I do not envy the folks who were tasked with taking Halfbrick Studios’ wildly successful Fruit Ninja mobile game and turning it into an original animated series for YouTube Red. What do you do with Gutsu and Truffles? How do you decide to introduce Sensei and his Fruit Facts? And how do you take all the slicing and dicing action away from the player and put it into the capable hands of a group of young ninjas?
Enter Fruit Ninja: Frenzy Force, the super-silly and action-packed animated series from the very same studio that created the game. Halfbrick’s first foray into the world of cartoons follows the humble beginnings of four Fruit Ninjas–Seb, Niya, Peng, and Ralph–who run a juice stand as a front for their secret ninja dojo. The ninjas, who have been training to unlock the ancient secrets of Juice-Jitsu, work together to take down a rotating cast of evil characters who have pledged to wipe out the Fruit Ninjas once and for all.
This all sounds very silly, and it is, for sure. But it’s also bright and colorful and fun. Viewers don’t need to have any experience with the game, though a basic familiarity will help with some of the in-jokes. We’re introduced to Seb, the de facto leader of the group who powers up with dragon fruit; Niya, the level-headed one (and the only girl) who keeps the others out of trouble thanks to her common senses and pineapple power; Peng, the pint-sized, berry-boosted, energetic warrior; and Ralph, the dim-witted but super-strong coconut-wielding ninja. These characters, who will appear in future iterations of the game after making their debut on the show, are great throwbacks to the cartoon shows of old in which each team member has a signature style, power, and specialty. But they’re also a creation of the modern era: a diverse cast of characters brought to life through effortless computer-generated animation.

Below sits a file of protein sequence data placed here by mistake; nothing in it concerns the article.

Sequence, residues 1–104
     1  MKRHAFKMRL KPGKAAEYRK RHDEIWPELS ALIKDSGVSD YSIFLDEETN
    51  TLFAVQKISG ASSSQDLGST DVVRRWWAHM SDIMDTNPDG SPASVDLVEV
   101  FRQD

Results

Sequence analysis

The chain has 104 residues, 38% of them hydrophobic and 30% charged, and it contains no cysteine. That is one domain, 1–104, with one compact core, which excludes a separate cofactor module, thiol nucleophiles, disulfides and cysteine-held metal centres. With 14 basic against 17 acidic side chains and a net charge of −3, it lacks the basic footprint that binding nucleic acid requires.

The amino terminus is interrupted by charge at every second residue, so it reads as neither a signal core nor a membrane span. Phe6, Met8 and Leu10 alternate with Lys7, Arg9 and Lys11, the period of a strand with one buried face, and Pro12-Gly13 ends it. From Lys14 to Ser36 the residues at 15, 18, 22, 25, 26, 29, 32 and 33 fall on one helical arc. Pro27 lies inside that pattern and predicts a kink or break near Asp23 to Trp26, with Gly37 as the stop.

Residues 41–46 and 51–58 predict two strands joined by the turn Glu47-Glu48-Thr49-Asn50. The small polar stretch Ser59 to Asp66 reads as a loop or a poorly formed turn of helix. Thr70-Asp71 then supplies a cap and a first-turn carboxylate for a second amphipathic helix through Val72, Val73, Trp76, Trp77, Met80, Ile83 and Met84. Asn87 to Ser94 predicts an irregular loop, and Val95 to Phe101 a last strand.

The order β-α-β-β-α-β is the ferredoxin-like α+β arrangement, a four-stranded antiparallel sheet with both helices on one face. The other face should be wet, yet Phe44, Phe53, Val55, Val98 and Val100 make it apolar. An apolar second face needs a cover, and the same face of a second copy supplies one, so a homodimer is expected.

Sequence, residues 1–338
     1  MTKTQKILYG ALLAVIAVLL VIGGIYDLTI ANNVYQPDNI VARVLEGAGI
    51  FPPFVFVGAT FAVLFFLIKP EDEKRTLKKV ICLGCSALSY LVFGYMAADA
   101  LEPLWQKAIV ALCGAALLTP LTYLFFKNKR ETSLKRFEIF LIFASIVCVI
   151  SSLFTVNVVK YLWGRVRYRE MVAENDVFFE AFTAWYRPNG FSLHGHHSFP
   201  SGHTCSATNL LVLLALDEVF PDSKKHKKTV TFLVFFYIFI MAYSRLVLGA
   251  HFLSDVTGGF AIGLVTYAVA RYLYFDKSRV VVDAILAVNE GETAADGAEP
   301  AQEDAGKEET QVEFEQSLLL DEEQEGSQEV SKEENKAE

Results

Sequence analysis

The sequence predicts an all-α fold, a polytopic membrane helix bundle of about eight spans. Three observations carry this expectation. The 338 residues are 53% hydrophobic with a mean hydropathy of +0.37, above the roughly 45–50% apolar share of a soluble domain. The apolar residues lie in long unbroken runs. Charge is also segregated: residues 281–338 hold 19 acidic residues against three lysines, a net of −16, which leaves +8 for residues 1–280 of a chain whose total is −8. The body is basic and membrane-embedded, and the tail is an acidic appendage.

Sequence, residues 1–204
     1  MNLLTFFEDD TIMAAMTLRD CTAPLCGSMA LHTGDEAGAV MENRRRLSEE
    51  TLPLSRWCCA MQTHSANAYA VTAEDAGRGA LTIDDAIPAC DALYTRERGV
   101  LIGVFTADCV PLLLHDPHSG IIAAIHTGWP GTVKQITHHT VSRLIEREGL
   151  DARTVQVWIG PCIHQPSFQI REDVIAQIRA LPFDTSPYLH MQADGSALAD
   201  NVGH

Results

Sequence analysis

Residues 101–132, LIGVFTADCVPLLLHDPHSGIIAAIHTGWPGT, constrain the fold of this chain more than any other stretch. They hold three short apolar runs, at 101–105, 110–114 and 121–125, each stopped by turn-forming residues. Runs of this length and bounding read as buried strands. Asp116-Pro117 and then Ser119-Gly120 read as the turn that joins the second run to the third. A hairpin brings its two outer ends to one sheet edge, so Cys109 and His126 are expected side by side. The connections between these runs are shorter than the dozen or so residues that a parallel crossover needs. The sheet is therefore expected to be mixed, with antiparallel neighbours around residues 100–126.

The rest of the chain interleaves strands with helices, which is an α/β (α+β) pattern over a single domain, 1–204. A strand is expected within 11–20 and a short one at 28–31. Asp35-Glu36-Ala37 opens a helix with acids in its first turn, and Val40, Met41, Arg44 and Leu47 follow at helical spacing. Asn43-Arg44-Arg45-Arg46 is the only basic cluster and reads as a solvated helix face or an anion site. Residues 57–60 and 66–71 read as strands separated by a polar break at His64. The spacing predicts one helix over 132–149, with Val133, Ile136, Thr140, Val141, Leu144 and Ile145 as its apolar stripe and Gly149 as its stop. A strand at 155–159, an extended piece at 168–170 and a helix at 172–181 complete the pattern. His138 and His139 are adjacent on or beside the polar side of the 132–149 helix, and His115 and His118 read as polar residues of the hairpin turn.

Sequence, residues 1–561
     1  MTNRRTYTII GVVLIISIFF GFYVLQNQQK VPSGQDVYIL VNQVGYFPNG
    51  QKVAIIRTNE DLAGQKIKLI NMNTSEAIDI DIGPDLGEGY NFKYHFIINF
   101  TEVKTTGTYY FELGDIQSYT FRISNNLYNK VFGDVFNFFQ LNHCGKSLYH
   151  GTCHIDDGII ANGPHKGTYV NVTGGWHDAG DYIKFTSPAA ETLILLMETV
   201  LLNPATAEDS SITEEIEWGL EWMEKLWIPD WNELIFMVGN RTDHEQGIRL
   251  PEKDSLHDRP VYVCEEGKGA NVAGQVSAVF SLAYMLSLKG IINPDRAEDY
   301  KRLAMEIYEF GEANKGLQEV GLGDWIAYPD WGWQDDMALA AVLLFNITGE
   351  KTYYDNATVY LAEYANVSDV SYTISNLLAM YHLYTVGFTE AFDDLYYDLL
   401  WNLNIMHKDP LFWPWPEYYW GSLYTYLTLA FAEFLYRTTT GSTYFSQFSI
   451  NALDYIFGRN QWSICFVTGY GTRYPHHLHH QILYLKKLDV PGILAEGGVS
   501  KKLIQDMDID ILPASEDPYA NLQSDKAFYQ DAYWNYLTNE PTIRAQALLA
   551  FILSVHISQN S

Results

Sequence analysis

You could easily dismiss Fruit Ninja: Frenzy Force with the wave of a hand, but with over a billion downloads and counting, there’s a great chance that a lot of folks will give this cartoon a chance. And they should. It’s not much deeper than “good guys vs bad guys” but neither were the majority of 80s and 90s cartoons that many (including myself) still hold dear today. There’s a lot of humor to be found here, either in Ralph’s continuing struggles with catchphrases, Peng’s amped-up energy drink obsession, or the cleverly named villain, Durian Gray. I only had a chance to check out the first two episodes, but the villains on display are just as entertaining and zany as the heroes themselves.
The only shortcomings, aside from a lack of an overarching narrative that ties episodes together (there may very well be one, but I didn’t see it in the early goings), are a treatment of Sensei that lazily dips into Asian tropes and an intense DayGlo color scheme that assaults the eyes once the ninjas get powered up. As far as Sensei goes, I’m not sure how much of his dialogue and behavior is ported over from the game, but he’s used sparingly in the early episodes and his humor and weirdness are more delightful than offensive; I particularly like his Fruit Facts that appear over each episode’s end credits. As for those costumes, well my eyes are not as young as they used to be; the bright, neon citrus explosion that blasts onto the screen when the ninjas transform aren’t for old fogies like me, but they’re likely to hold the attention of viewers in the intended demographic.
Fruit Ninja: Frenzy Force is a surprisingly funny, action-packed cut-up of a cartoon that’ll have young viewers begging to take Juice-Jitsu lessons. (Pro-tip for parents: Tell the little ones that making fresh-squeezed orange juice every morning is ancient, traditional Fruit Ninja training; you can thank me later.)
Rating: ★★★ Good